OLYMPICS | SPEEDSKATING

Miami’s Eddy Alvarez, teammates reach 5,000 speedskating relay final after crash

 

lrobertson@miamiherald.com

Miami’s Eddy Alvarez and his U.S. short track speedskating teammates survived a wild crash in the 5,000-meter relay semifinals at the Winter Olympics to advance to next week’s final, where they have an improved chance of winning a medal due to the misfortune of the top two teams.

The U.S. skaters had to wait after crossing the finish line last of four teams to find out if the referee would rule in their favor. He did, deciding upon video review that South Korea’s Ho-Suk Lee interfered with Alvarez when Alvarez tried to pass.

South Korea, silver medalist in 2010, was disqualified and the U.S. was waved onward to the Feb. 21 showdown. Defending gold medalist Canada crashed out in the other semifinal.

“It was a very stressful three minutes,” Alvarez said of the wait. “I’m extremely relieved. Now we have to skate to our potential in the final. We have to let the tiger out of the cage.”

Alvarez was accelerating through a turn with four laps to go in the 3.1-mile race when he hit Lee’s arm. Both skaters slipped, fell and tumbled into the pads.

“I got a real good exchange from Jordan [Malone] and came in hard,” Alvarez said. “Unfortunately, he [Lee] held his hand out there and I clipped it and went down. I’m glad the referee saw it. Sometimes those calls can go against you.”

South Korean skater Da Woo Sin concurred with the decision.

“We moved into them,” he said. “It wasn’t the Americans’ fault. There was a mix-up with our signals. It’s a pity.”

Alvarez, 23, a Miami Columbus High graduate, also advanced to the quarterfinals of the 1,000 meters with a second-place finish in his heat. Alvarez placed behind triple gold medalist Charles Hamelin of Canada with a time of 1:26.070, holding off Great Britain’s Jack Whelbourne by .016.

The remaining rounds and final of the 1,000 will be held Saturday at Iceberg Skating Palace.

Alvarez’s relay teammates J.R. Celski and Chris Creveling also advanced, as did favorite Victor Ahn, formerly of South Korea, now skating for Russia.

Alvarez also competes in the 500 meters – which he considers his strongest event – next week.

Read more Olympics stories from the Miami Herald

  •  
In this photo taken Thursday Aug. 14, 2014, performers tied to wires to rehearse for the opening ceremony of the 2014 Nanjing Youth Olympic Games which opens Aug 16, 2014 in Nanjing in east China's Jiangsu province. (AP Photo) CHINA OUT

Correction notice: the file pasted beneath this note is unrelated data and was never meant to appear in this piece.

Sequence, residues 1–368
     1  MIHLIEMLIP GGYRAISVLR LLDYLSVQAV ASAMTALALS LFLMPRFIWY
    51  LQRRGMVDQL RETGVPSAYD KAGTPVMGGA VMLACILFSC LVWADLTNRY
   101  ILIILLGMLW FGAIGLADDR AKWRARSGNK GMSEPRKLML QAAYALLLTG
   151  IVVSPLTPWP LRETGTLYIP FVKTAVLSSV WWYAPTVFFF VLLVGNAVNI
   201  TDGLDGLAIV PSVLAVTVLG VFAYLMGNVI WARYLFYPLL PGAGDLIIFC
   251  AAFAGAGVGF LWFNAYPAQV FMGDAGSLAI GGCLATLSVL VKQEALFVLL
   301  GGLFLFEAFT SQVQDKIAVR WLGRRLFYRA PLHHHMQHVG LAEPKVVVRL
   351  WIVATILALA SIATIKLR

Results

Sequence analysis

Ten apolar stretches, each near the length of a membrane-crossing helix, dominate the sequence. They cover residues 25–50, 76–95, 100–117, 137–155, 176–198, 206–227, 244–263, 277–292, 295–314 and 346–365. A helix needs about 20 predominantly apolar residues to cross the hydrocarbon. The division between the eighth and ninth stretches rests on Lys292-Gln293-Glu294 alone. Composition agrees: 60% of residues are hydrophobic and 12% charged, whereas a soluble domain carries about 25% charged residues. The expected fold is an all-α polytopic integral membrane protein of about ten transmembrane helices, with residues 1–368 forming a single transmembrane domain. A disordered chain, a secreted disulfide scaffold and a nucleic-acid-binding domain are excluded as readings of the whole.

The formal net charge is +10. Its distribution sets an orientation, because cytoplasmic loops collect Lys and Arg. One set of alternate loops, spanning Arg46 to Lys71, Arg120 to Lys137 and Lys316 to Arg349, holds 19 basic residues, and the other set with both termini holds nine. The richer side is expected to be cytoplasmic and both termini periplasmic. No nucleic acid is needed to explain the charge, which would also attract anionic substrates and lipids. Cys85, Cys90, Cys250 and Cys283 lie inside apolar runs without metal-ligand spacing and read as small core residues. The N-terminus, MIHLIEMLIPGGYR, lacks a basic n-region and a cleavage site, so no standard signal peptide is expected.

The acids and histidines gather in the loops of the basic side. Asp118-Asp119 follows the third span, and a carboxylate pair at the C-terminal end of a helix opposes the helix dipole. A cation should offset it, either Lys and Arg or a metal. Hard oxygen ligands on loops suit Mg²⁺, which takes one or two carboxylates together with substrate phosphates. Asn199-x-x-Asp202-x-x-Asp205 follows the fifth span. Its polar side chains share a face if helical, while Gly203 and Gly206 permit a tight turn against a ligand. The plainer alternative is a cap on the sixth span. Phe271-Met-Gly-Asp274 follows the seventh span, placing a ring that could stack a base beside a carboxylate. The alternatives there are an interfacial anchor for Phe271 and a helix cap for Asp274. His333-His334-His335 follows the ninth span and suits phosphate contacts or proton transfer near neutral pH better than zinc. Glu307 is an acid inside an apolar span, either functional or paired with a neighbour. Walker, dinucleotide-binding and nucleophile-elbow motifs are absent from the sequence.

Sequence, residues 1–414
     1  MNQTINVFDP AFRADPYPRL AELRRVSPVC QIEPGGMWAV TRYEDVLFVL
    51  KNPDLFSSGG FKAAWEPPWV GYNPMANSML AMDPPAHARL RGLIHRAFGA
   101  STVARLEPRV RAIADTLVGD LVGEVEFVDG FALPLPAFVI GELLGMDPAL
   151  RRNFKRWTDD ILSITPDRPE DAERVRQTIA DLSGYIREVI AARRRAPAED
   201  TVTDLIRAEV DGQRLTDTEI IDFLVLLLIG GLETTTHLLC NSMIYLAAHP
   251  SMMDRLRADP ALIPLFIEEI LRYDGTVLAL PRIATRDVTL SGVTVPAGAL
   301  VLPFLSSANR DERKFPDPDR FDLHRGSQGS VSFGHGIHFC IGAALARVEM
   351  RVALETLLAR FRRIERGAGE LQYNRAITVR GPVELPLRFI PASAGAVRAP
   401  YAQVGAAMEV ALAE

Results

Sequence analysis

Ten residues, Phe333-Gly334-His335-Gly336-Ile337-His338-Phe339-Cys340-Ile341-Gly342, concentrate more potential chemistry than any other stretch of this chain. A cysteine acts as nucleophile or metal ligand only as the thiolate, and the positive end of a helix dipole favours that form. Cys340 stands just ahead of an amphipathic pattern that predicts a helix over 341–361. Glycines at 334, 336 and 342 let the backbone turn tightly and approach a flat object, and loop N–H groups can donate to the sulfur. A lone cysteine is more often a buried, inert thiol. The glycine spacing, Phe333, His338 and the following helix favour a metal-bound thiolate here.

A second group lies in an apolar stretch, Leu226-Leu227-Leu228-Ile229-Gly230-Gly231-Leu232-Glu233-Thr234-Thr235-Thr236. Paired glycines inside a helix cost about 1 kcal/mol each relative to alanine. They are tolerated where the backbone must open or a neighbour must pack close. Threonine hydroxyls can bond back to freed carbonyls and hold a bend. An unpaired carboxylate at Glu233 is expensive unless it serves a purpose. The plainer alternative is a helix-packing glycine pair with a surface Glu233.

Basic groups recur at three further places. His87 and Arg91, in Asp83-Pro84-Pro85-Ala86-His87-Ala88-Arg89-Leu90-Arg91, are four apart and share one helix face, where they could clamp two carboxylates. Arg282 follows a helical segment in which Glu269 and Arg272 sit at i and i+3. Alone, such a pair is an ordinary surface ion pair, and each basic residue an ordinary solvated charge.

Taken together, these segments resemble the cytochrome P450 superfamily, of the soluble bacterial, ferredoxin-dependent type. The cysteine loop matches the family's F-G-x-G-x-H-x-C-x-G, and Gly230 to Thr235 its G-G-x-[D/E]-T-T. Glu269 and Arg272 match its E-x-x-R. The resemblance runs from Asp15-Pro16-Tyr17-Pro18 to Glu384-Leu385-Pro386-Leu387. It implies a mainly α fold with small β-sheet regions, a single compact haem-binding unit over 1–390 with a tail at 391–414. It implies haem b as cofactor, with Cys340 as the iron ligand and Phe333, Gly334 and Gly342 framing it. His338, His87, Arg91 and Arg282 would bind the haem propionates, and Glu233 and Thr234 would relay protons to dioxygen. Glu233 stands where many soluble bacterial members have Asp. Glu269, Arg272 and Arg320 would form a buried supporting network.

Youth Olympics open in China amid Ebola worries

    Fears of the Ebola virus cast a cloud over Saturday's opening of the second Youth Olympics in the eastern Chinese city of Nanjing, after three athletes were barred from competition because of the risk of infection.

  •  
A Liberian woman holds up a pamphlet with guidance on how to prevent the Ebola virus from spreading, in the city of Monrovia, Liberia, Thursday, Aug. 14, 2014. Liberian officials faced a difficult choice Thursday: deciding which handful of Ebola patients will receive an experimental drug that could prove life-saving, ineffective or even harmful.

    Ebola: 3 athletes can't compete at Youth Olympics

    Three teenage athletes from the Ebola-affected region of Africa will not be allowed to compete at the Youth Olympics in China because of the risk of possible infection, the IOC and local organizers said Friday.

  • Ebola forces Sierra Leone to skip Youth Olympics

    Sierra Leone's National Olympic Committee says its delegation for the upcoming youth games was asked not to travel to China because of an outbreak of Ebola.

Miami Herald

Join the
Discussion

The Miami Herald is pleased to provide this opportunity to share information, experiences and observations about what's in the news. Some of the comments may be reprinted elsewhere on the site or in the newspaper. We encourage lively, open debate on the issues of the day, and ask that you refrain from profanity, hate speech, personal comments and remarks that are off point. Thank you for taking the time to offer your thoughts.

The Miami Herald uses Facebook's commenting system. You need to log in with a Facebook account in order to comment. If you have questions about commenting with your Facebook account, click here.

Have a news tip? You can send it anonymously. Click here to send us your tip - or - consider joining the Public Insight Network and become a source for The Miami Herald and el Nuevo Herald.

Hide Comments

This affects comments on all stories.

Cancel OK

  • Marketplace

Today's Circulars

  • Quick Job Search

Enter Keyword(s) Enter City Select a State Select a Category